According to a newly issued special report from A.M. Best Co., European life insurers have experienced strong growth over the past few years, due to strong demand for unit-linked products, good investment conditions and the companies’ focus on selling capital efficient products.
However, Best notes: “Previous experience indicates that should investment volatility develop into a more persistent trend, unit-linked sales are likely to suffer first. Pensions throughout the developed European markets are considered the long-term growth opportunity, with the business showing strong growth during 2006. Regulatory changes are likely to increase demand even further for pension products in 2007. As far as composite insurers are concerned, the attractiveness of life business is likely to increase in the future as modest but stable life returns become more appealing against a background of deteriorating rates and margins on non-life portfolios.”
Turning to the P/C sector, Best indicated that “non-life property business remains profitable, though results tend to vary significantly between segments.” 2007 is likely to see profits shrink, however, due to “the impact of softening rates, especially for industrial risks.” Winter storm Kyrill is also a factor. It produced losses of approximately €2 billion ($2.72 billion) for German property insurers.
The motor (auto) sector continues to be affected by intensifying competition in most European markets, leading to softening rates, which has caused “declining or at least flat premiums.” As a result underwriting results are also “deteriorating, “with overall combined ratios near the 100 percent mark.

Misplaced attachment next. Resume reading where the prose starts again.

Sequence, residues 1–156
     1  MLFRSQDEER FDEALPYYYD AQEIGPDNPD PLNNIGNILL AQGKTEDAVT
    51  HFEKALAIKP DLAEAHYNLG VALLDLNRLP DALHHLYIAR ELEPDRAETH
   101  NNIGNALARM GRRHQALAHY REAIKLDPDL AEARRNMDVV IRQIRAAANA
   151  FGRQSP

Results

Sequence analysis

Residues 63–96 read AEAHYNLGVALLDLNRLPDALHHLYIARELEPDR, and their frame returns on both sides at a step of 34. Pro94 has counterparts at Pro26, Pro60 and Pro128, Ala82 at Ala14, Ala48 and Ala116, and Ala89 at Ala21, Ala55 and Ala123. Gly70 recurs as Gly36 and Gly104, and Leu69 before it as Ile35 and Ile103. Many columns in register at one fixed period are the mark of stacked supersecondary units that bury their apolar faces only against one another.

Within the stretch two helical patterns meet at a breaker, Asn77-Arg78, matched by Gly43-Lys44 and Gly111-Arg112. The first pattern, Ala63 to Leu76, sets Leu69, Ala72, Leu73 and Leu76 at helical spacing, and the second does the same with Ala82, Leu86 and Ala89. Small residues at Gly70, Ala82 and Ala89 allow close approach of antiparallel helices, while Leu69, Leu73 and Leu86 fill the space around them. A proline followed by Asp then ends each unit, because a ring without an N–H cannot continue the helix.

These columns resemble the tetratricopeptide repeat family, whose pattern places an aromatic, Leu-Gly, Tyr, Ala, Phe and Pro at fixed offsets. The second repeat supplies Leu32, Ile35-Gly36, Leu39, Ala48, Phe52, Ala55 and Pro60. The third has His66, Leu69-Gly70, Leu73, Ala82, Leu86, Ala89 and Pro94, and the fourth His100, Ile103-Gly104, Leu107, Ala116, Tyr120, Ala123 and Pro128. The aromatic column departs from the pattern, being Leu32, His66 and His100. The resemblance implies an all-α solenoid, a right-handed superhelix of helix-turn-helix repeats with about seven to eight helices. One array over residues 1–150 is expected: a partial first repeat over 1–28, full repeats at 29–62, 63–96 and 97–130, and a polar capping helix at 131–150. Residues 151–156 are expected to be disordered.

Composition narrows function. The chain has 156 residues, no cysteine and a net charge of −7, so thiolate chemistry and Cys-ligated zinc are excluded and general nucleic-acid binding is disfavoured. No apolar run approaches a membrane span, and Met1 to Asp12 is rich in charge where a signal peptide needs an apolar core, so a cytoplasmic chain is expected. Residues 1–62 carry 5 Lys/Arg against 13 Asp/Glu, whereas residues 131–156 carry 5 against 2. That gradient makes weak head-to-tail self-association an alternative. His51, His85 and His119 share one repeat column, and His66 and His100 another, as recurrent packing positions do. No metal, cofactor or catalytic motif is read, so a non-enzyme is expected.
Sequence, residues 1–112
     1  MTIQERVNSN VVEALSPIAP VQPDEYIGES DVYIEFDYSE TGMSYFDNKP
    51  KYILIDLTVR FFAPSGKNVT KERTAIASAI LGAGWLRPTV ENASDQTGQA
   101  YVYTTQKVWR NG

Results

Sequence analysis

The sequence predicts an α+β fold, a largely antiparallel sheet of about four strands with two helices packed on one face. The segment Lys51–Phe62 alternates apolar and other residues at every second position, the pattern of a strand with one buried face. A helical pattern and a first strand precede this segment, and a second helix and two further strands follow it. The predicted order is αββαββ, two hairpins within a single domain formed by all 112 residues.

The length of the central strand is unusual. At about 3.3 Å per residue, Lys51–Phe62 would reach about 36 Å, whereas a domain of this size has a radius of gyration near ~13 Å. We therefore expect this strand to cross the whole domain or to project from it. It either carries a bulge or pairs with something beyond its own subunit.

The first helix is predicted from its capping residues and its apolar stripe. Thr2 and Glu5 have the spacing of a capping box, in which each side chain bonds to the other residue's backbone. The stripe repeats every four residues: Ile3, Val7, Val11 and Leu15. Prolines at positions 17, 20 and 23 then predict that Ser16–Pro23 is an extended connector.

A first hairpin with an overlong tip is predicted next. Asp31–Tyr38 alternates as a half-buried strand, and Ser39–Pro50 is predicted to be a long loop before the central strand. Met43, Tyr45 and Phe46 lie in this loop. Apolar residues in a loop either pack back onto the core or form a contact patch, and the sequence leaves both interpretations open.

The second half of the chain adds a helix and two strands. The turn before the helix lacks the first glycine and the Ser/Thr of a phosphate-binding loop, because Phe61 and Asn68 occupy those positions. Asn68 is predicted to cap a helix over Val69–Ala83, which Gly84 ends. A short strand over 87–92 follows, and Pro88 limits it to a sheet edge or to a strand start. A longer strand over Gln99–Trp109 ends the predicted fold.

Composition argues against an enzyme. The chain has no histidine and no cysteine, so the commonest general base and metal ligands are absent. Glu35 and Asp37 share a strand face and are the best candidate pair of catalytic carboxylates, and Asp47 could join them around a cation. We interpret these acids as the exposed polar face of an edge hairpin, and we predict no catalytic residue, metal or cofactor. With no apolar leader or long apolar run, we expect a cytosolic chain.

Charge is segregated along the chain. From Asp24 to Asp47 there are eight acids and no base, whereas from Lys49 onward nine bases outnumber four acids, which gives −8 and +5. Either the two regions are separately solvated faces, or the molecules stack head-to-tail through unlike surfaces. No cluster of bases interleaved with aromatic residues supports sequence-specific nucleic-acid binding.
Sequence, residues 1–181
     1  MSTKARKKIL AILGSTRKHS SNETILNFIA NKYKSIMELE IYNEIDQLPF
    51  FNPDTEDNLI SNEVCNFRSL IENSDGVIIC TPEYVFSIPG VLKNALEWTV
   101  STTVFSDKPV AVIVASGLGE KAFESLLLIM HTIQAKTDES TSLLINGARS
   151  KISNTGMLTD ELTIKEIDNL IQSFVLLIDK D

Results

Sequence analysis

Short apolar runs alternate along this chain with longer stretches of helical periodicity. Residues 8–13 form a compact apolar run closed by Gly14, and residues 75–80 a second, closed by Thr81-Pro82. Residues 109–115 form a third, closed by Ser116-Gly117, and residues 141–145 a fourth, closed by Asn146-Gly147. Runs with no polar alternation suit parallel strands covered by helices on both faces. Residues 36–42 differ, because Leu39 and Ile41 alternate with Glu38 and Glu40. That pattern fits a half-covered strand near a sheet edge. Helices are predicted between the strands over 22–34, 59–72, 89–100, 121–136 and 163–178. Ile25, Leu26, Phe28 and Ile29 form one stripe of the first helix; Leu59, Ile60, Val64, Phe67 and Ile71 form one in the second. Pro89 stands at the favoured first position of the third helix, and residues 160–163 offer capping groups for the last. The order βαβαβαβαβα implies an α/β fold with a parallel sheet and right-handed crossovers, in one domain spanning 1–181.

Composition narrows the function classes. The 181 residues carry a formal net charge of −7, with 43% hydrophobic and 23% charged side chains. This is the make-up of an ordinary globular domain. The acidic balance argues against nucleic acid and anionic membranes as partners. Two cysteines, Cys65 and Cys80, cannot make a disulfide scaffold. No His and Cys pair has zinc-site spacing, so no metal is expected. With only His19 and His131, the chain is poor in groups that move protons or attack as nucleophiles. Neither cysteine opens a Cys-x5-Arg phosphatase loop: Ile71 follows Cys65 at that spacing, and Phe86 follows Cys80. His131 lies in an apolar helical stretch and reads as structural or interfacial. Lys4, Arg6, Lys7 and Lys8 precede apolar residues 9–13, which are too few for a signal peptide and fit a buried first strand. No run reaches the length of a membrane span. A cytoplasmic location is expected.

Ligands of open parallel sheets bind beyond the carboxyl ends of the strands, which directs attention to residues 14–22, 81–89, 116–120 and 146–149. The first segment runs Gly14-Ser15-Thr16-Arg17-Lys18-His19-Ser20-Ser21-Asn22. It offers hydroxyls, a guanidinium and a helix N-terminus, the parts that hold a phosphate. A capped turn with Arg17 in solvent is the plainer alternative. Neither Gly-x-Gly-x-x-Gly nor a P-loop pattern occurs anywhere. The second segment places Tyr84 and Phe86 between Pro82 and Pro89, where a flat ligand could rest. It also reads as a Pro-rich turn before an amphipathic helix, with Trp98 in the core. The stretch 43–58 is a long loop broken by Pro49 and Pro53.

Best also notes that “accelerating claim inflation, either due to higher bodily injury awards or to higher car repair costs, remains an important issue in most European markets. Most surprisingly, motor insurance still is regarded as attractive by new entrants. Notwithstanding this, there is a stronger tendency to offer motor insurance via new distribution channels, such as retailers with larger customer bases.”
The report also discusses the coming impact of Solvency II, which is due to be implemented in 2010 (See IJ web site Sept. 15, 2006). Best calls the measure “an important step in changing the risk culture of insurers, especially smaller ones.” While still endorsing the need to maintain “minimum capital requirements,” Best said the “holistic approach is likely to have a more enduring impact on the insurance industry. Under Pillar II, European insurers will have to disclose their risk management procedures and strategy. Supervisors will have the power to evaluate whether an insurer has appropriate risk management procedures.”
Best also noted the “market has been characterized by increased levels of acquisition activity during 2006. A.M. Best believes that any merger and acquisition (M&A) activity in Europe is likely to be opportunistic rather than part of a major trend. However, macroeconomic and market conditions may be ripe for significant consolidation in some of the more fragmented markets. Cross border activity is likely to be focused either on the strongly growing markets of France, Italy and Eastern Europe or transatlantic deals.”
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Nonsubscribers can download a PDF copy of the full special report (20 pages) for $85 or a combination of the PDF copy plus the spreadsheet file of the report data for $220 from the Web site. Call customer service for more information, (908) 439-2200, ext. 5742.
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